Squat workshop by gubernatrix (Photo: Kate Pankhurst)
Strength. It’s 99% about how strong you are.
I don’t know whether it’s the circles I move in, but I tend to meet people who are more concerned with how good their technique is than how much they are lifting.
These well-intentioned students of strength are the opposite end of the scale from the idiots in the gym who load the bar up with more weight than they can handle and then proceed to invite maiming with appalling technique and absolutely no understanding of basic safety. But as far as I know, none of those people reads this blog (though they should!).
I’m known for being generous where technique is concerned, not a stickler for the perfect position so long as people are reasonably safe. I am willing to entertain other opinions but I tend to think not ‘is my technique perfect?’ but ‘is my technique good enough’?
When I teach workshops, such as the squat workshop pictured above, I focus on technique and strength. When you’ve got the basic movement, it’s time to stick some more weight on the bar and challenge yourself.
I didn’t get into strength training to do pretty moves, although that’s part of the fun. But I got into it to lift ever heavier things – that’s my own personal buzz. Will I sacrifice technique to lift something heavier? Yes, sometimes. Not all the time, not every day. I’ll train sensibly and then go for it on the platform, for example.
And before you raise the hydra of injury – yep, been there. In fact I picked up an injury just a couple of weeks ago while deadlifting in a strongwoman competition. Am I annoyed I got injured? Yep. Do I regret going for that weight? Nope.
Strongman is an interesting sport since many of the events are performed using what most people would think of as bad technique – rounding the back in the atlas stones, hyperextending the lower back for the log press and so on. But strongmen train specifically to perform the events like this. It’s in the nature of odd object lifting. It’s part of what it means to be a strongman – being able to lift in some very awkward positions.
And for you functional fitness fans, this is vital. In an emergency situation, are you likely to be presented with a finely crafted eleiko-bar-shaped object to lift? Or is it more likely to be some awkwardly-shaped heavy bastard of a thing?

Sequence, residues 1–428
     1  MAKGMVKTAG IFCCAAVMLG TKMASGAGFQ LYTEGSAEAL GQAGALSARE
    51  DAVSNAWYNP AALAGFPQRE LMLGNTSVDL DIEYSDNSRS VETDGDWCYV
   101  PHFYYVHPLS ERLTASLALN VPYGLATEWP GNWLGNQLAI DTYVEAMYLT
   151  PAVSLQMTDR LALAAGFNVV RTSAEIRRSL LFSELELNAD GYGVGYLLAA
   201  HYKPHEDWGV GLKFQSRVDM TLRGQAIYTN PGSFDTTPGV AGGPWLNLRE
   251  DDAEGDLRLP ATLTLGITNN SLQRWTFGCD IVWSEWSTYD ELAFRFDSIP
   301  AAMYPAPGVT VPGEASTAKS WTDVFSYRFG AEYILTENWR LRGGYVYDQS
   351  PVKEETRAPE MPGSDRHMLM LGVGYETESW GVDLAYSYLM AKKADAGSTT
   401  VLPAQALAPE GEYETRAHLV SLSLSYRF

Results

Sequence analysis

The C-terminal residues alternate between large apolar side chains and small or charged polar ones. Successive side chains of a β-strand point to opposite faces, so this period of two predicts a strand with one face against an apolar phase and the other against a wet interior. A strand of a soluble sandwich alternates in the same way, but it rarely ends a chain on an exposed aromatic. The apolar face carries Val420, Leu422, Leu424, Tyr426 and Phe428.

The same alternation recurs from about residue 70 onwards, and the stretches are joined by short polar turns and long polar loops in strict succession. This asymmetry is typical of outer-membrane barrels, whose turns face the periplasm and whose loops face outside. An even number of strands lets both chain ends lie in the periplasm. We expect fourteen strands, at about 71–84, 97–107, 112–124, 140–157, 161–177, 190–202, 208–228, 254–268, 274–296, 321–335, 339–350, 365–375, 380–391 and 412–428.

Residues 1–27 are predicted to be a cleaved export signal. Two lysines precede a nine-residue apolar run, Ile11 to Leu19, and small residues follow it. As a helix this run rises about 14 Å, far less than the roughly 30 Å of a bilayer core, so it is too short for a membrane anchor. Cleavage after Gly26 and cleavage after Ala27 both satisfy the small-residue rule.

Try telling Laurence Shahlaei he should lift with his legs not his back
In a very technical sport such as olympic weightlifting, technique is vital in as much as it allows you to lift more. If you can’t snatch properly you’ll never snatch very much because there is a limit to the amount of weight you can get from the floor to overhead by just muscling it up there. If you don’t have the technique in olympic weightlifting then you just miss…and miss… and miss…
But can great technique be an aim in itself? Maybe, if that’s what turns you on. Maybe you want to have the most beautiful moves in the gym and you don’t care how heavy the weight is.
But you also have to think about how you are applying the technique. Are you applying it with confidence? Are you diving under that bar with complete commitment? Or did you start lifting and think ‘christ, that feels heavy!’
In other words, having perfect technique with a light weight may not mean jack shit once the weight gets challenging.
How much mental energy should you spend worrying about technique? What would happen if you stopped worrying about technique and put some more weight on the bar?
Many people seem to think that they are not ‘ready’ to add weight until they can perform a lift perfectly. It’s a combination of fear of injury, fear of the weight and the desire to practice with something easy. I know these feelings all too well!
But adding more weight teaches too. Adding more weight can in some circumstances actively improve technique (a big heavy weight can force you into the correct position) and in other circumstances simply make you work harder to get it right.
With sub-maximal weights, you can sometimes make adjustments during the lift to compensate for deficiencies in the technique – for example, not having quite the right starting position, or not catching the weight in exactly the right place. With a maximum or very close to maximum weight, if you don’t get it right, you’ll probably fail the lift. So you’ll know damn well when you do get it right.
There are some lifters who are known as good technicians. These are the jammy bastards whose technique is exactly the same, lift after lift, never really deteriorating (eventually the weight just gets too heavy). Realistically, most of us won’t have this talent.
So as with most things in life, there is a balance to be struck. You probably don’t want to end up on the wrong side of either opinion.
If you agonise about your technique, take some time out and just think about lifting more weight. Don’t forget that all that time you are spending on perfecting your technique is time that you are not spending getting stronger.
Conversely, if you chase the numbers every day and you are just desperate to put an extra few kilos on your lifts, consider that taking time to work on your technique might actually improve your numbers in the long run.
For the vast majority of us, our technique could always be better but in strength sports, you don’t get points for style. If we allow this thought to paralyse us, we may not make progress or get stronger.
So where do you stand on the technique debate?
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